There was a room full of people at the March meeting of Stanhoe and Barwick WI when Andrew Tatham gave a very moving talk, with an accompanying video presentation, regarding the 21 years of research that he had undertaken regarding a photograph of named soldiers in uniform.

Quite by chance he had found a photo of the 46 men of the 8th Royal Berkshire Battalion which included his great grandfather, taken on the verge of the first world war. He became determined to find out more about the men, and he tried to find one living member of each of their families so that from anecdotal evidence he could build up a picture of their lives. This led to contacts with an immense network of people and compilation of an immense quantity of data.

photo: Rosemary Brown

Andrew Tatham in front of a projected image of the group of soldiers

Andrew Tatham and the Royal Berkshires officers as they were in May 1915

How was he to present all this data to share with people in the future? He decided to make a film.

The backdrop was a pastoral scene of a grassy field on Salisbury Plain where the men had camped and trained for action. A rolling calendar of the years, starting at 1864 when the first man was born, ran throughout and each time a man was born a tree appeared in the field. Every now and then a photo of a soldier would appear, the soundtrack played music of the era and a photo of people in the dress of the time reminded us of his surroundings.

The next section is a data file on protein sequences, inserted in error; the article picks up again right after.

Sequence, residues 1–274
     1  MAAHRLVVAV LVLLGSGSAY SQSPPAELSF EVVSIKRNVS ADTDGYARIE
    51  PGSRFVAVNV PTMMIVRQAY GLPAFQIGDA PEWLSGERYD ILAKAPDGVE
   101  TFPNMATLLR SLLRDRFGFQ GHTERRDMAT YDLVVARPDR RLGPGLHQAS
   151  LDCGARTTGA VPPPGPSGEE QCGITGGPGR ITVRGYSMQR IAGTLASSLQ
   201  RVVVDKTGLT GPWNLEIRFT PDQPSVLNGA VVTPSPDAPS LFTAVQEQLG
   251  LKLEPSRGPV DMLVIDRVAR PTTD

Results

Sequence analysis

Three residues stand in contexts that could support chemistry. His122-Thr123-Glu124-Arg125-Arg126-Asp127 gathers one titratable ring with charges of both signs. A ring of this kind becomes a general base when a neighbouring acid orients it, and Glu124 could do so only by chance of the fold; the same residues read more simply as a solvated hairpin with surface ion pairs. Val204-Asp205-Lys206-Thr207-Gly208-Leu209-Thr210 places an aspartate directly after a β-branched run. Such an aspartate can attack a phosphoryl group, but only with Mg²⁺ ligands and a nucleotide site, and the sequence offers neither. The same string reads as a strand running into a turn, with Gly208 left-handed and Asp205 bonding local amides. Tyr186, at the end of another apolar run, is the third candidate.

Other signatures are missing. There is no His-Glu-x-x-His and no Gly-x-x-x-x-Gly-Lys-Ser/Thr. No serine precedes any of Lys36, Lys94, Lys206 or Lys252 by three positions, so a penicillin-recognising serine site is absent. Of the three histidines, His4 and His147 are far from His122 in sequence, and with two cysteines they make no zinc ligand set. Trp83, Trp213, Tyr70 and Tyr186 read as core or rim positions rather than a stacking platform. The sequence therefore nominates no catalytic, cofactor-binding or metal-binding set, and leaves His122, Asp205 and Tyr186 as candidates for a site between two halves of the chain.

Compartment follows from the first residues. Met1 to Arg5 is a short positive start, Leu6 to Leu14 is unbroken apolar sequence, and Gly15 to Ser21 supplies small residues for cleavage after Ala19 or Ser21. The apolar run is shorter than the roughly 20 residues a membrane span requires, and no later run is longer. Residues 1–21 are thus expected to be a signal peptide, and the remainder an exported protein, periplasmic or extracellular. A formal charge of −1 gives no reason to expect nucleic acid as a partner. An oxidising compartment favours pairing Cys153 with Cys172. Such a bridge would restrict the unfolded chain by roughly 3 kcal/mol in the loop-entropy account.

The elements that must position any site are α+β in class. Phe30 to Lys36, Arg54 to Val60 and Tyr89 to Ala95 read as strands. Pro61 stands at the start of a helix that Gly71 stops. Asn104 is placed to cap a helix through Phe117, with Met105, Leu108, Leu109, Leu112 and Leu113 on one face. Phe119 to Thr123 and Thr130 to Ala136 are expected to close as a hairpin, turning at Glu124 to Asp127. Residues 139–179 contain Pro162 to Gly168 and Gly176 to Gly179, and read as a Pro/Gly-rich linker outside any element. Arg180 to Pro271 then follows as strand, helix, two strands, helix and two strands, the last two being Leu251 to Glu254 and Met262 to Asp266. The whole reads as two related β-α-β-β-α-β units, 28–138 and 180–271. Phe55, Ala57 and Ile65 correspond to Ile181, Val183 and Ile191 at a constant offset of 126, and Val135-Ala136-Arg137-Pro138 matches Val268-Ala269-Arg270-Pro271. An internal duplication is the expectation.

In 1914 gunfire sounded, and as the men fell on the battlefield the trees in the field fell too. By 1918 only 25 men were left of the original 46. A later composite photo showed the original photo colour coded with the fallen showed in black, the nine in red had substantial wounds, and the three in green were seriously wounded; only 10 men were left living in eventuality. The last survivor died in 1990.

Colours on the original photo show who would end up dead, wounded or surviving the war

Colours on the original photo show who would end up dead (black), wounded (red and green) or surviving the war

After a short break Andrew told us the life stories of three of the men in the photo, including one who planted many trees for continuity, right into old age.

photo: Pamela Austin

Visitors fill Stanhoe Reading Room